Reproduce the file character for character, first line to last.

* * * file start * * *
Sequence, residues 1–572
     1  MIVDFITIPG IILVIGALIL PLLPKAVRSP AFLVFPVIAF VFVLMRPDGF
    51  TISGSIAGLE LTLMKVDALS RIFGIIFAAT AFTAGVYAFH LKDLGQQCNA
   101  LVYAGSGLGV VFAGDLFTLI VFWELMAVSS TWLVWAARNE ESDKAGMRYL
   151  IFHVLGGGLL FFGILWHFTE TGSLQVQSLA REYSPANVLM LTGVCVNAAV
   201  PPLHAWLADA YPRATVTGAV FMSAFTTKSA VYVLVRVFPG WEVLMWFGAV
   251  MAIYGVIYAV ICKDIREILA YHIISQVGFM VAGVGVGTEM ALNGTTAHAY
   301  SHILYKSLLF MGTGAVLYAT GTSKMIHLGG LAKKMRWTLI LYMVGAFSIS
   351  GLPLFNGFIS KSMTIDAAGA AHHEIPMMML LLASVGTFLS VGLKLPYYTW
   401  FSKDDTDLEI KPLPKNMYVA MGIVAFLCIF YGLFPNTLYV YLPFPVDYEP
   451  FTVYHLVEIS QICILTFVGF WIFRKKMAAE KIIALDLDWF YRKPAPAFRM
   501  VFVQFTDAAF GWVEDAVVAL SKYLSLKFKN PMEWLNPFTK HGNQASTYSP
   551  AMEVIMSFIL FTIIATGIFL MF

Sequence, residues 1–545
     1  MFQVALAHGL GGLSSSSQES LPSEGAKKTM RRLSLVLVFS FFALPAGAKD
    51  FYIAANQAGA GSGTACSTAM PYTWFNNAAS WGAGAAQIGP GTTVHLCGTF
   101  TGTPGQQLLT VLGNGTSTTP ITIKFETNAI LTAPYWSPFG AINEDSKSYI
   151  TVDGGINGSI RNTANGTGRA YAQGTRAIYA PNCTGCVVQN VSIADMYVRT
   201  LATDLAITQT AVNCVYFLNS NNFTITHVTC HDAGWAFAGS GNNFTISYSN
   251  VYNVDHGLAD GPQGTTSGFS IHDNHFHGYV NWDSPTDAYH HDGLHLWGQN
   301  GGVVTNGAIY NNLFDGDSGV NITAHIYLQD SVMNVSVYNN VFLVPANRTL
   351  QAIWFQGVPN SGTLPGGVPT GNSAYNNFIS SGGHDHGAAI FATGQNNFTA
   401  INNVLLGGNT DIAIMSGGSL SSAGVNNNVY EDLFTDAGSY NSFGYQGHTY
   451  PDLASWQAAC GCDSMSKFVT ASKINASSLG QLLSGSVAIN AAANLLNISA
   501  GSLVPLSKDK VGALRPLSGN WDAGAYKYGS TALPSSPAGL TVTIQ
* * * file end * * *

Sequence, residues 1–572
     1  MIVDFITIPG IILVIGALIL PLLPKAVRSP AFLVFPVIAF VFVLMRPDGF
    51  TISGSIAGLE LTLMKVDALS RIFGIIFAAT AFTAGVYAFH LKDLGQQCNA
   101  LVYAGSGLGV VFAGDLFTLI VFWELMAVSS TWLVWAARNE ESDKAGMRYL
   151  IFHVLGGGLL FFGILWHFTE TGSLQVQSLA REYSPANVLM LTGVCVNAAV
   201  PPLHAWLADA YPRATVTGAV FMSAFTTKSA VYVLVRVFPG WEVLMWFGAV
   251  MAIYGVIYAV ICKDIREILA YHIISQVGFM VAGVGVGTEM ALNGTTAHAY
   301  SHILYKSLLF MGTGAVLYAT GTSKMIHLGG LAKKMRWTLI LYMVGAFSIS
   351  GLPLFNGFIS KSMTIDAAGA AHHEIPMMML LLASVGTFLS VGLKLPYYTW
   401  FSKDDTDLEI KPLPKNMYVA MGIVAFLCIF YGLFPNTLYV YLPFPVDYEP
   451  FTVYHLVEIS QICILTFVGF WIFRKKMAAE KIIALDLDWF YRKPAPAFRM
   501  VFVQFTDAAF GWVEDAVVAL SKYLSLKFKN PMEWLNPFTK HGNQASTYSP
   551  AMEVIMSFIL FTIIATGIFL MF

Sequence, residues 1–545
     1  MFQVALAHGL GGLSSSSQES LPSEGAKKTM RRLSLVLVFS FFALPAGAKD
    51  FYIAANQAGA GSGTACSTAM PYTWFNNAAS WGAGAAQIGP GTTVHLCGTF
   101  TGTPGQQLLT VLGNGTSTTP ITIKFETNAI LTAPYWSPFG AINEDSKSYI
   151  TVDGGINGSI RNTANGTGRA YAQGTRAIYA PNCTGCVVQN VSIADMYVRT
   201  LATDLAITQT AVNCVYFLNS NNFTITHVTC HDAGWAFAGS GNNFTISYSN
   251  VYNVDHGLAD GPQGTTSGFS IHDNHFHGYV NWDSPTDAYH HDGLHLWGQN
   301  GGVVTNGAIY NNLFDGDSGV NITAHIYLQD SVMNVSVYNN VFLVPANRTL
   351  QAIWFQGVPN SGTLPGGVPT GNSAYNNFIS SGGHDHGAAI FATGQNNFTA
   401  INNVLLGGNT DIAIMSGGSL SSAGVNNNVY EDLFTDAGSY NSFGYQGHTY
   451  PDLASWQAAC GCDSMSKFVT ASKINASSLG QLLSGSVAIN AAANLLNISA
   501  GSLVPLSKDK VGALRPLSGN WDAGAYKYGS TALPSSPAGL TVTIQ